Statistical differences between different types of the scaffold were assessed by two-way analysis of variance and Tukey’s post-hoc analysis. Statistical differences between the two treatments were assessed by Student’s paired-wise sample and independent sample t-test. All results were reported as the mean±SD. A probability value of 95% (P≤0.05) was used to determine significance. Statistical analysis was performed with IBM SPSS version 20 for Windows, Munich, Germany .
| Results|| |
Transmission electron microscope of 58S bioactive glass
The prepared bioactive glass 58S was examine under transmission electron microscope, in which the morphology of the nanoparticles of the product is composed of agglomerations of semi-spheres. Their diameter ranged between 23.90 and 98.18 nm. Moreover, it was extremely obvious that nanoparticles were showing smooth surfaces of the particles, confirming their amorphous structure ([Figure 1]a).
|Figure 1 Illustration of (a) transmission electron microscopy image, (b) DSC, and (c) TGA of the prepared 58S bioactive glass by sol–gel method.|
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Thermal behavior of the prepared bioactive glass (DSC and TGA)
The DSC/TGA graph was used to demonstrate the thermal properties of the powder samples examined in the stability of a molecule at high temperatures, that is, the molecule with greater stability has more resistance to degradation at high temperatures ([Figure 1]b and c).
The prepared bioactive glass showed three characteristics peaks, the first peak at 550°C as the temperature of vitreous transition (Tg), at 720°C as the temperature of crystallization (Tc), and at 885°C as (Tf) temperature of fusion. The thermal stability [(Tc-Tg)=(720–550.6)] was 170°; thus, it indicated lower thermal stability for the prepared bioactive glass when compared with the early reported thermal stability of bioactive glass. The obtained thermal stability would, in turn, disturb the chemical stability of the bioactive glass (more reactivity) which in turn would enhance its bioactivity. The TGA results were found to be correlated with the DSC results, particularly, 40–60% of the bioactive glass was decomposed in a heating range of 550–750°C corresponding to both recorded temperatures Tg and Tc. In addition to that approximately 30% decomposition of the bioactive glass was detected at heating range of 750–900°C, which was assigned to the melting interaction.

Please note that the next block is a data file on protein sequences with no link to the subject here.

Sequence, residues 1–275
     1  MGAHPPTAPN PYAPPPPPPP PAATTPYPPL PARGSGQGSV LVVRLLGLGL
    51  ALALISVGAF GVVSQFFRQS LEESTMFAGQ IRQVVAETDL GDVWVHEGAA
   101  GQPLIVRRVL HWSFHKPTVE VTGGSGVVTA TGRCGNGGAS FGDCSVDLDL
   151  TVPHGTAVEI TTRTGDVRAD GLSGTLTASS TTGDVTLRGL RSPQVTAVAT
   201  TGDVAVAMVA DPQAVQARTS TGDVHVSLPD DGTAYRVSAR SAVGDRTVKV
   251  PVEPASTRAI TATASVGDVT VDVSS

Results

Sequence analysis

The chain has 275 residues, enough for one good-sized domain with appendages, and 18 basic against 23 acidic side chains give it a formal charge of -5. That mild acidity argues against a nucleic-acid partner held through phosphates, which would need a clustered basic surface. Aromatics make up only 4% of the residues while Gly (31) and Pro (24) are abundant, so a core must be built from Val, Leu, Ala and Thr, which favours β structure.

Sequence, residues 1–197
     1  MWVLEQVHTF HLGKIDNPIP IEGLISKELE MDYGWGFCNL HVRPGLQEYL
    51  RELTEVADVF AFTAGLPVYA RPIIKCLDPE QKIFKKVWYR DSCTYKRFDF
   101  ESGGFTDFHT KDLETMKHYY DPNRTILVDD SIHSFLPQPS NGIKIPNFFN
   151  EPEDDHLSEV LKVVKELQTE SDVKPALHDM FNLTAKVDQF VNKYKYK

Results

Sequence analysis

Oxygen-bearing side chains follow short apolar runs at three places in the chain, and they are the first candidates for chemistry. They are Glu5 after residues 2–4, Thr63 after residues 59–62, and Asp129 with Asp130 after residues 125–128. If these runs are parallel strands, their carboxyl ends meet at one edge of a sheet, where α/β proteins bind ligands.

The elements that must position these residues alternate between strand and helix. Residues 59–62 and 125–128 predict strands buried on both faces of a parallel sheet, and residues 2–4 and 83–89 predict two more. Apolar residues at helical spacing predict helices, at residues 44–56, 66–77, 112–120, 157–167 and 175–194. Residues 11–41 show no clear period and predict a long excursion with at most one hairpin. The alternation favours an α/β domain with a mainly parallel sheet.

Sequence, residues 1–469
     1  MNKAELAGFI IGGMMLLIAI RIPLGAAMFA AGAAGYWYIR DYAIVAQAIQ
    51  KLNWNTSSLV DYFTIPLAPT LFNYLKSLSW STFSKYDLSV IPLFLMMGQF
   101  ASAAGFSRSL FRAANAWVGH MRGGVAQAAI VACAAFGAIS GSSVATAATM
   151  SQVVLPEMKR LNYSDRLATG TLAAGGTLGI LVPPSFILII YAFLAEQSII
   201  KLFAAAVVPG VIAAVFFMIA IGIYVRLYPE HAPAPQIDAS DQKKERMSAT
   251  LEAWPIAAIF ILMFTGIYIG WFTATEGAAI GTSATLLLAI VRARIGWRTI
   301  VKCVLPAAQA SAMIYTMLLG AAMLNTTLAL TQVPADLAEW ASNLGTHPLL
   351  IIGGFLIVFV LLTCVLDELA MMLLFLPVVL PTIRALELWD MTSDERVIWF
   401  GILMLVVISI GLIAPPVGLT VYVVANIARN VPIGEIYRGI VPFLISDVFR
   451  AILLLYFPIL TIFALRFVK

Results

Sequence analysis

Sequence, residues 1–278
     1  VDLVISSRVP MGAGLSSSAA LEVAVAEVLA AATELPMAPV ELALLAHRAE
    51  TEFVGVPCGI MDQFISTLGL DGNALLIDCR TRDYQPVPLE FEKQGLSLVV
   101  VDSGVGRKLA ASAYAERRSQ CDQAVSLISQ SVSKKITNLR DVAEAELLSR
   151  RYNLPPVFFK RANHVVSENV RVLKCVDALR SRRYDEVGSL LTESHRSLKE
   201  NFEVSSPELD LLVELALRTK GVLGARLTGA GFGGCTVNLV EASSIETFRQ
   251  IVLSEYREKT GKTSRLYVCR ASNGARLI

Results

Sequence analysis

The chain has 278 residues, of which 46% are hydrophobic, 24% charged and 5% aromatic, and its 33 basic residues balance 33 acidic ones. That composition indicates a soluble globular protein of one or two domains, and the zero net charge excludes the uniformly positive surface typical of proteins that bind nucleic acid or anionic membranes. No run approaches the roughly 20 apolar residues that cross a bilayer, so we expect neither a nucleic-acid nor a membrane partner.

The prepared nanocomposite scaffolds with reference to their native component were investigated using XRD analysis to determine the effect of preparation method as well as the presence of bioactive glass on their phases. [Figure 2]a represents the XRD patterns of chitosan, prepared nano-bioactive glass 58S, and two types of heterogeneous three-dimensional (3D) porous scaffolds nanocomposite. It was worthy highlighted that the XRD pattern of pure chitosan (Ch) exhibited a semi-crystalline curve that was considered as the characteristic profile of the chitosan structure. The XRD pattern of the prepared nano-bioactive glass 58S represented in [Figure 2]a and b demonstrated an amorphous broad peak in the range of 18°–35°. In addition, there are no detectable crystalline peaks in the pattern. The XRD patterns of prepared nanocomposites (3Ch1BG and 3Ch2BG) demonstrated that there were very board humps diffraction peaks for all samples after the loading of bioactive glass, which specified the noncrystalline structure of the 58S glass and the prepared scaffolds as observed from the absence of sharp peaks with delectable diffraction peaks of chitosan.